Who is Responsible for Responsible AI? Part 1

Chris Lee

Less than a year after ChatGPT and Bard put generative AI into the hands of ordinary people and there are few in commerce that haven’t experimented with it. Yet people are divided on whether it’s a good thing. Sci-fi movie horror scenarios aside, there are some legitimate concerns.

The pace at which generative AI is being developed and deployed is causing major disruption and because there’s no precedent governing the technology it is largely unregulated.

Despite many claiming generative AI will create exponential efficiencies, there are concerns that if development continues unchecked, there’s potential for disaster. But who is responsible to managing risk and regulating how weas humans interface with AI?

The challenge is that any form of regulation is a slow process. Even though the EU and China already have draft policies, they’re focused on existing technologies. Those analysing the policies have two major concerns:

  • The first is that the pace of AI development is accelerating and continually evolving. By the time regulations are passed, they may no longer be relevant because the technology will have already evolved.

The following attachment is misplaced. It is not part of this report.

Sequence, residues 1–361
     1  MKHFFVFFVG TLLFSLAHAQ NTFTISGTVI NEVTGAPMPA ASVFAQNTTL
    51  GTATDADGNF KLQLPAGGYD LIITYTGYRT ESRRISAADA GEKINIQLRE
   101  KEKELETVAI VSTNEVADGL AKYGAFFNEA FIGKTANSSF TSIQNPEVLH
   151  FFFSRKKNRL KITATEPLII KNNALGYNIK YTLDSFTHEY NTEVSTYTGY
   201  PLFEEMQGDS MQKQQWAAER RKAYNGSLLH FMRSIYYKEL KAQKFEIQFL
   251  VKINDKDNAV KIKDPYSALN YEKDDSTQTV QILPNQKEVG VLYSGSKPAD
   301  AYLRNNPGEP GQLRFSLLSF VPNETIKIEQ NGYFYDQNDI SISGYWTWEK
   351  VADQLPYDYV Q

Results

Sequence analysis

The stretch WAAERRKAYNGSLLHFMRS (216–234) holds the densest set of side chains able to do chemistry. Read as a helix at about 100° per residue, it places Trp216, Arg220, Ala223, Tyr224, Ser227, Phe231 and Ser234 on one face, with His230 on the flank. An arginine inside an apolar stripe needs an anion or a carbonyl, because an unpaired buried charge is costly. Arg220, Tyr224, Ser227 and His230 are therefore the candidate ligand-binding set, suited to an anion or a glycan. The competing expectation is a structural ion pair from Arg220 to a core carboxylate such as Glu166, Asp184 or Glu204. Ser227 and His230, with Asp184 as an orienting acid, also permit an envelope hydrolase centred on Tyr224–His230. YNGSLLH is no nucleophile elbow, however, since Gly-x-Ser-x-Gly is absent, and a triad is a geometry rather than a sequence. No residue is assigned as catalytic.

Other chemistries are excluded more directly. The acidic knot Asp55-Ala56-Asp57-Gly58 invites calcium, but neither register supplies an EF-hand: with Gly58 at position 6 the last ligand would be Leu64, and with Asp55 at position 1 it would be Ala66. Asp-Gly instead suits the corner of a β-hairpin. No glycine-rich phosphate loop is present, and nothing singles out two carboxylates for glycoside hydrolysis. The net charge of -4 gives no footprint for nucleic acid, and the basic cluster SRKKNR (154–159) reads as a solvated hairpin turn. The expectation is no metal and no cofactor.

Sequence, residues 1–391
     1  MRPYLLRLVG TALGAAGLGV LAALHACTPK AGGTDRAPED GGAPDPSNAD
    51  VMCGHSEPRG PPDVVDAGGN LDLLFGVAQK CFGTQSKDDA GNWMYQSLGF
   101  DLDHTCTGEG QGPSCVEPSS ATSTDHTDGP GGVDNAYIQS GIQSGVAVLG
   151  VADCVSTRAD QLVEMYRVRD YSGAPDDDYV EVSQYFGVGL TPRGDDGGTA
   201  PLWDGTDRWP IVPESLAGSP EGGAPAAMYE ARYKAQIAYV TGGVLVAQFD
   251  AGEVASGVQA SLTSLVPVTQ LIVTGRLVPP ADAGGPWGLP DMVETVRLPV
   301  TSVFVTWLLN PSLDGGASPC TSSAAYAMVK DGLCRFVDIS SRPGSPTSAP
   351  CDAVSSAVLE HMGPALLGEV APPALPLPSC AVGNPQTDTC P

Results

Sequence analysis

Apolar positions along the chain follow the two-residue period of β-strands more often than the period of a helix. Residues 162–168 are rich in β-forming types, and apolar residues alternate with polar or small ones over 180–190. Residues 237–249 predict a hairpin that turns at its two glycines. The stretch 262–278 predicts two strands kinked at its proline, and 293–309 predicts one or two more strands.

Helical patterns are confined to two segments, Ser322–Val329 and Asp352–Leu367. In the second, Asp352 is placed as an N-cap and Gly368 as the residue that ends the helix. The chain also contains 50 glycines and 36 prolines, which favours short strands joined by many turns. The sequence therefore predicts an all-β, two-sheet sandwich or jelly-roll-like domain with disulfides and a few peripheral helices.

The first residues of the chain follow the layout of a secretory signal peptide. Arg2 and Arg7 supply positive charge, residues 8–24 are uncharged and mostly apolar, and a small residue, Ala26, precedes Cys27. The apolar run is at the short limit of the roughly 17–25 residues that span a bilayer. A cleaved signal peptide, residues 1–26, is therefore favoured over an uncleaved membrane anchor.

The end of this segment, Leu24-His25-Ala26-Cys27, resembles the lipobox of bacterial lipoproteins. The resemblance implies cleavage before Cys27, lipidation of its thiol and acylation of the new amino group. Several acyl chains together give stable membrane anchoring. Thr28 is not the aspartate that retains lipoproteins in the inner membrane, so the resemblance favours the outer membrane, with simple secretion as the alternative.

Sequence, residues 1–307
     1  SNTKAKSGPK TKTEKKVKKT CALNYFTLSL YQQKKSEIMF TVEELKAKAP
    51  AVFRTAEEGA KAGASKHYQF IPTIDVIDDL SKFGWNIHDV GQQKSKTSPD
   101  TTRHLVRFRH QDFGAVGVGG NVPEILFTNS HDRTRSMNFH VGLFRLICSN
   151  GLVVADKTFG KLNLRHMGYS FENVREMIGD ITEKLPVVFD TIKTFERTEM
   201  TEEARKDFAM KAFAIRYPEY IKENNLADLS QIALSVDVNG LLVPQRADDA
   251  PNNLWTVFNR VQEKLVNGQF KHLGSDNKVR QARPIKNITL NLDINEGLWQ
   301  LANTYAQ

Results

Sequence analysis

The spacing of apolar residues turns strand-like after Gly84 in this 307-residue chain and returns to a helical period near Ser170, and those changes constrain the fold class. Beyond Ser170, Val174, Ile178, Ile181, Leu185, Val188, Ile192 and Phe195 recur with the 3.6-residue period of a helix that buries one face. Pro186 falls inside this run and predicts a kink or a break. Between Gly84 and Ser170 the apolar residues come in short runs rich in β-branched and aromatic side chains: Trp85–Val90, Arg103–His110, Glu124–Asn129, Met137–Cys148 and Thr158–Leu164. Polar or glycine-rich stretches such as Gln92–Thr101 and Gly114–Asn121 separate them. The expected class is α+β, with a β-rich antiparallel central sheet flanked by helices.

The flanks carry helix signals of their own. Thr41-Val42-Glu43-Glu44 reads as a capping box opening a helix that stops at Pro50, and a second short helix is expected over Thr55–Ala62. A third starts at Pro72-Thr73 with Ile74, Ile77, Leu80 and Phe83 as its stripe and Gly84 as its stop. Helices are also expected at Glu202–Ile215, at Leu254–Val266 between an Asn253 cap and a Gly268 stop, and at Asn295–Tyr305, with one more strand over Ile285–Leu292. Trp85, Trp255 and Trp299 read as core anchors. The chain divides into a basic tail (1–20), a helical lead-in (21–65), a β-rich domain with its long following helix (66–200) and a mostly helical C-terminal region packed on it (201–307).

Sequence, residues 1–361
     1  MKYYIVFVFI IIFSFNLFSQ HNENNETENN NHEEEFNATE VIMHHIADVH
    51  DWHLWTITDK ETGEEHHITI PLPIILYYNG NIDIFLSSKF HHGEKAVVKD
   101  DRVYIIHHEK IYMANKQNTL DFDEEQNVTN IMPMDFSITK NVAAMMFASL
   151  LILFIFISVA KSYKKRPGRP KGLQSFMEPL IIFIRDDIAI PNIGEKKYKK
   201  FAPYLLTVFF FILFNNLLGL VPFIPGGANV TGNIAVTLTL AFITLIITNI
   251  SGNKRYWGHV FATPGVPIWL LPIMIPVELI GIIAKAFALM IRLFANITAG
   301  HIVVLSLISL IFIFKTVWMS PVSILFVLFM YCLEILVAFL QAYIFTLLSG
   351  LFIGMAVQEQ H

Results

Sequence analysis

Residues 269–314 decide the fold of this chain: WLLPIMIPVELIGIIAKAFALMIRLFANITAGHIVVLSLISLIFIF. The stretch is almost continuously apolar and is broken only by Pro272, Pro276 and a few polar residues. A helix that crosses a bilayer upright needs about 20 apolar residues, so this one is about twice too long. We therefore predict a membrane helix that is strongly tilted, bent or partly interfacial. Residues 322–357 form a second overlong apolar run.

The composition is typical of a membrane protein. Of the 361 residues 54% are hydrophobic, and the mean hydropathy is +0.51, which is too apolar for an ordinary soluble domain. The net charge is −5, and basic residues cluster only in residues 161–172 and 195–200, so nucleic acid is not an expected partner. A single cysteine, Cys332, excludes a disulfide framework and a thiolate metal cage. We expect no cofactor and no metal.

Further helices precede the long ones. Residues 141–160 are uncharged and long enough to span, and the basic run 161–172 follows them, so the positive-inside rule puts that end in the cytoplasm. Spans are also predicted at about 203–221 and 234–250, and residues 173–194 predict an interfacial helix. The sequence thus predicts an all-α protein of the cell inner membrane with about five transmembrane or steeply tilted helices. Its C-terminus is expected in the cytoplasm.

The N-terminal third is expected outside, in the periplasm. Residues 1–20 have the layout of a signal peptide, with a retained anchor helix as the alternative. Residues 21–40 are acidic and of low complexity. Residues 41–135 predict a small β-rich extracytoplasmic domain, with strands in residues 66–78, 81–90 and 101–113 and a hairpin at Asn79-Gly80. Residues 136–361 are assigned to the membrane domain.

• The second concern related to enforcement. Even if the regulations are robust, what mechanisms will be used to monitor and enforce the applications of AI?

If AI development won’t wait, what’s the alternative?

Currently, the tech industry knows significantly more about the capabilities and risks of AI than most governing agencies. This highlights the need for collaboration and the creation of industry wide associations to facilitate this. It will also enable to government to hear a unified voice from the industry where concerns can be addressed collectively.

The tech industry is significantly better positioned to conduct research, provide guidelines for best practice and propose regulatory frameworks which can help speed up the policy making process.

They can act as a sounding board for policy makers, able to provide insight of the complexities and impacts involved when attempting to regulate AI. The reality is that for every benefit that AI has to offer, there will be threat actors looking for ways to leverage AI technologies for their own nefarious means.

Why tech industry participation is vital

The industry has a better understanding of the form these risks could take as well as potential impacts.  As AI applications continue develop, increased transparency and open communication can help develop a broader understanding and response to potential risks.

A more proactive approach could be to everyone’s benefit. But will the industry be willing to collaborate, or will the desire for competitive advantage keep humanity in the dark? Answering that question may determine if responsible development of AI becomes a reality.

Stay tuned for Part 2..

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